Home > Reviews > TOM & JERRY – Christopher Lennertz

TOM & JERRY – Christopher Lennertz

Original Review by Christopher Garner

A modern take on the classic cartoon duo, Tom & Jerry sees the titular cat and mouse duking it out in a swanky New York City hotel. Kayla (Chloë Grace Moretz) has recently been hired at the hotel under false pretenses and is trying to prepare the venue for the upcoming wedding of socialite “it” couple, Preeta and Ben. Jerry the mouse moves into the hotel and is living the high life until he is discovered and it becomes Kayla’s job to get rid of him. She enlists Tom the cat, going over the head of her supervisor Terence (Michael Peña) to do so, and the ensuing battle between the cat and mouse threatens to destroy the hotel as well as Preeta and Ben’s wedding. The film is directed by Tim Story and also stars Colin Jost, Pallavi Sharda, and Ken Jeong. It is a live-action/animation hybrid film, where all the human characters are live-action and all the animals are animated in a traditional 2D style. Critics were not fond of the film, but it fared better than expected at the box office despite its release during the pandemic.

For the music, Tim Story turned to his frequent collaborator, Christopher Lennertz. They worked together on the Think Like a Man and Ride Along films and most recently on 2019’s Shaft. Lennertz has been a very busy composer lately (with over 20 assignments in just the last five years), and has scored several animated/family films in all that work. Most recently he scored UglyDolls, and before that he scored the Smurfs franchise, most of which were also live-action/animation hybrids. For this film, Story wanted music that was “a calling card to every generation,” so he and Lennertz decided to “mix in everything from some hip hop and … Indian music and just kind of looked for every little facet of music that we could add just so we were inclusive of as many cultures … as possible.” Lennertz was given an enormous canvas on which to paint this inclusive score, with a 100-piece orchestra, choir, and lot of instrumentalists on piano, organ, guitars, drums, saxophone, accordion, and an assembly of traditional Indian instruments. Lennertz’s score is fun, energetic, catchy, and even sentimental at times, but it suffers a little on album from near-constant starts and stops.

The score is bookended by a big fun theme performed on blaring brass over a funk beat. It first appears in “Tom and Jerry,” which treats us to the theme played over synth embellishments, vinyl record scratches, piano, and some hip hop vocals. This big opening only lasts for 30 seconds before the tone shifts and quiets down for the remaining 20 seconds of the track. What we get from this first cue is a preview of what’s to come. The score is full of elements of funk and hip hop, has a lot of turntable effects, some really fun loud melodies, and electronically manipulated vocals saying things like “woo!” and “hit it!” This first cue is also a harbinger of all the short tracks to come. And many of those short tracks have significant tonal shifts that chop up the listening experience even further. It all works to compliment the action on screen well, but away from the film much of the album plays like a collection of very short musical ideas.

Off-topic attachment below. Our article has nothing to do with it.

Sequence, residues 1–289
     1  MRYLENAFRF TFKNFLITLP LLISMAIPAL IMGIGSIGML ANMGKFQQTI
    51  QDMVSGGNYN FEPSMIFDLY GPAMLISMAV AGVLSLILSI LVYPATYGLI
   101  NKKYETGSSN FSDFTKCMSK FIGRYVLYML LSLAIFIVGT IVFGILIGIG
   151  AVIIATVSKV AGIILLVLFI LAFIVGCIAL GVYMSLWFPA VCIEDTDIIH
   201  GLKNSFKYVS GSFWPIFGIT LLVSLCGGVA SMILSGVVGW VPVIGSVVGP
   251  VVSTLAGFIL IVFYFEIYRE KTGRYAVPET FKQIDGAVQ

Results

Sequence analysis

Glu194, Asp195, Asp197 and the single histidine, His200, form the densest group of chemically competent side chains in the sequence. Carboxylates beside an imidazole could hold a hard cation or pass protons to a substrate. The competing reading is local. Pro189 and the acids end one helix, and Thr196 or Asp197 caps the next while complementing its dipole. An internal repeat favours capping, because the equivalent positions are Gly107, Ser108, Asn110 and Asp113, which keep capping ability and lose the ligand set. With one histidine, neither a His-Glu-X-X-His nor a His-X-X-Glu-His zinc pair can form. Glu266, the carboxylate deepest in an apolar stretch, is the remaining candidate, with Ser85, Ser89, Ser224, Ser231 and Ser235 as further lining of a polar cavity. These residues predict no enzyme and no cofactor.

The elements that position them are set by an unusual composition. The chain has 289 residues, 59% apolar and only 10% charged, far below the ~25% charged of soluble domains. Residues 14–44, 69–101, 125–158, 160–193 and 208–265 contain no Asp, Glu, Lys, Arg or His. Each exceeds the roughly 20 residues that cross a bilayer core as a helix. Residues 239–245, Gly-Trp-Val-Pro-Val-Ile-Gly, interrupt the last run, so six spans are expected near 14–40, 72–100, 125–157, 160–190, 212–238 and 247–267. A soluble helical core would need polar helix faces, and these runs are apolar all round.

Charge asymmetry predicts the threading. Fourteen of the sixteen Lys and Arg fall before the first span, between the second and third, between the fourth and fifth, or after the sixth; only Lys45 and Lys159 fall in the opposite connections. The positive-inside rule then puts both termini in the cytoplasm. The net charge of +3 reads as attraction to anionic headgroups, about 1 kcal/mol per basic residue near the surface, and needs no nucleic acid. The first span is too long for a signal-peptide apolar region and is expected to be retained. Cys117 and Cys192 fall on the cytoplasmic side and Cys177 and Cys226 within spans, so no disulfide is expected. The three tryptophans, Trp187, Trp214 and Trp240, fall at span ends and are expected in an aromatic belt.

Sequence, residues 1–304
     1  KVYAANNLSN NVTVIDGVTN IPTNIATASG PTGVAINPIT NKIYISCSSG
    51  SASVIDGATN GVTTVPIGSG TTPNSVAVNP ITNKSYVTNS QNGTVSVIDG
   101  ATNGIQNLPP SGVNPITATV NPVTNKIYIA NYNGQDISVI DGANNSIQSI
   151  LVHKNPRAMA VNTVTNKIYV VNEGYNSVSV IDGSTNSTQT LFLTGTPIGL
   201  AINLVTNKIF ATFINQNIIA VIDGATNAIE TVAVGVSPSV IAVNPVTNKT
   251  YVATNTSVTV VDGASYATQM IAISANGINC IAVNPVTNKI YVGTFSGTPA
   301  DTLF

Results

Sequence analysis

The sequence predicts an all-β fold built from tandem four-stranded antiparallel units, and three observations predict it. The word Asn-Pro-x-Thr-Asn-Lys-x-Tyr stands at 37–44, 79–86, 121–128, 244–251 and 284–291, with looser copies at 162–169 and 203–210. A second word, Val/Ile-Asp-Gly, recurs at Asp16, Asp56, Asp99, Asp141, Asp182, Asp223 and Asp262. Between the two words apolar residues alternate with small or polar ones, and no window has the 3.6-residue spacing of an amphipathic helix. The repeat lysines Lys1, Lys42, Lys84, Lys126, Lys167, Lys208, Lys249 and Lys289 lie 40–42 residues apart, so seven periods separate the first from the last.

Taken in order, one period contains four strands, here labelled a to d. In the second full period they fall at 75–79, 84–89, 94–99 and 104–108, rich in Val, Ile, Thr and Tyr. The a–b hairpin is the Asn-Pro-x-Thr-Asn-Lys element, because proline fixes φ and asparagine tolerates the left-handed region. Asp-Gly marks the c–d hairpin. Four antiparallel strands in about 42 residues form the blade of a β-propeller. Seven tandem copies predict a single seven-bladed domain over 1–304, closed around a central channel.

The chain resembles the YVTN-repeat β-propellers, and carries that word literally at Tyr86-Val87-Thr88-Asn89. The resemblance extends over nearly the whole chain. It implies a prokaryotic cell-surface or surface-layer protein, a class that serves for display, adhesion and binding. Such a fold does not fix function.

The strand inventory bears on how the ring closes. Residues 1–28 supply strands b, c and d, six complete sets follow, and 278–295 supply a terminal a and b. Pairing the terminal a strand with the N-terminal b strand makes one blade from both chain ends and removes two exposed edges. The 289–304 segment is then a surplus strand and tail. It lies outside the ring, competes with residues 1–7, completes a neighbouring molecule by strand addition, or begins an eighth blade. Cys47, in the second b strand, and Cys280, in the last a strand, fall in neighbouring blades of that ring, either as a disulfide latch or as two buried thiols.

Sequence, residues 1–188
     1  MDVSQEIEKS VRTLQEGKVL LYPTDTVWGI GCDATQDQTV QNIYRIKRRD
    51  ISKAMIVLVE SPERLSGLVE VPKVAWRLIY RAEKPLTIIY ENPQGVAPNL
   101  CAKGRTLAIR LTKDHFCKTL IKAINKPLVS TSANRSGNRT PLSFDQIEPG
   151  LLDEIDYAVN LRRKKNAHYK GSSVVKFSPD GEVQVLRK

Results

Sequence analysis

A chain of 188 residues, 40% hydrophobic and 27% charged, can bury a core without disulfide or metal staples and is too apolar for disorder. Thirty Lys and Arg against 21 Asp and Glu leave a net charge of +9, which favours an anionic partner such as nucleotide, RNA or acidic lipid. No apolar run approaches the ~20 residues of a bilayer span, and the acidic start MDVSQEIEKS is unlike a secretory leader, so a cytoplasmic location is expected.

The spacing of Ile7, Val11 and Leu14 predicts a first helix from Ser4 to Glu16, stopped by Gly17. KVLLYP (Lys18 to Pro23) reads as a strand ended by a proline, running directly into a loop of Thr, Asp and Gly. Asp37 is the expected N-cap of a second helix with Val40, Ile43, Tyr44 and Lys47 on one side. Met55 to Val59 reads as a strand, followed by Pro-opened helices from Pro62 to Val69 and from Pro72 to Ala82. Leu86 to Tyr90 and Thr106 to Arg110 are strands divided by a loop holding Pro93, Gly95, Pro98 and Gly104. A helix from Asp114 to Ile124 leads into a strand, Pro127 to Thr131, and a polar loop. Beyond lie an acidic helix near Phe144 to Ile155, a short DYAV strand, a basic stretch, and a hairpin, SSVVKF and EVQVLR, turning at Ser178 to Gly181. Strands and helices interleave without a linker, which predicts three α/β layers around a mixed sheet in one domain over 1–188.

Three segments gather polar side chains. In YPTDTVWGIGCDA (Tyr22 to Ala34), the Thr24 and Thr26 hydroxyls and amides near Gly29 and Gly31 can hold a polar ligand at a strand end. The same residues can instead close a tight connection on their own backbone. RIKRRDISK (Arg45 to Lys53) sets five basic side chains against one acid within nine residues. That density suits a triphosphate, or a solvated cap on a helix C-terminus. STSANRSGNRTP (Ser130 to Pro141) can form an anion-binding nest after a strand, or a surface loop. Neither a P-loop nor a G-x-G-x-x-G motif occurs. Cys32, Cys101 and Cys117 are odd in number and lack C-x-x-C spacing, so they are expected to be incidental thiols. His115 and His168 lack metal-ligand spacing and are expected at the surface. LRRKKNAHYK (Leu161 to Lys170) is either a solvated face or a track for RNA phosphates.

“Kayla Quits” starts with some electric guitar and drums, but shifts after about 30 seconds into some softer piano that performs for the first time what I’ll call the love theme, though it doesn’t really serve that function in this scene. The theme is reminiscent of 90s romantic comedy scores, which is okay with me, but may be too saccharine for some listeners. “Tom and Jerry Arrive” returns to the turntable effects, fun brass and manipulated vocals, this time with some jazzy upright bass. The track also incorporates some nice soul elements. “Jerry’s Theme” is performed on big brass, with some low synth and manipulated vocals underneath. It’s fun, but short, again lasting only 30 seconds or so before the music quiets down to a slow beat and a little jazz organ. We get Jerry’s theme again later on in “Jerry’s Spa.” “Tom in Disguise” starts with some upright bass, adds more vinyl scratching, and jazz organ, and then shifts again at about 30 seconds, moving through a variety of styles until it ends on a short bit of sultry 80s saxophone.

“Kayla’s Tour” has more of the funk sound and a lot going on through the first half, with bass guitar, drums, turntables, chimes, and violin. The cue also introduces us to two new themes. The first is, I believe, for Kayla’s supervisor, Terence, and it starts around the 23-second mark. It’s sneaky and comedic at the same time, much like Michael Peña’s character. Terrence’s theme appears often throughout the score on a variety of low-toned instruments. You can hear it on bass in “Could He Wear a Hat,” and on baritone sax in “Terence Fired.” The second theme that “Kayla’s Tour” introduces us to is a very French-sounding theme for accordion and represents the chef played by Ken Jeong, who is not very French. We get more of the chef’s music in “Rodentia is toast” (where it takes on a villainous twist). There are a couple other short appearances of accordion in the score (literally every time Jeong is onscreen), but their fleeting and infrequent nature tells you how little screen time Jeong gets in the film.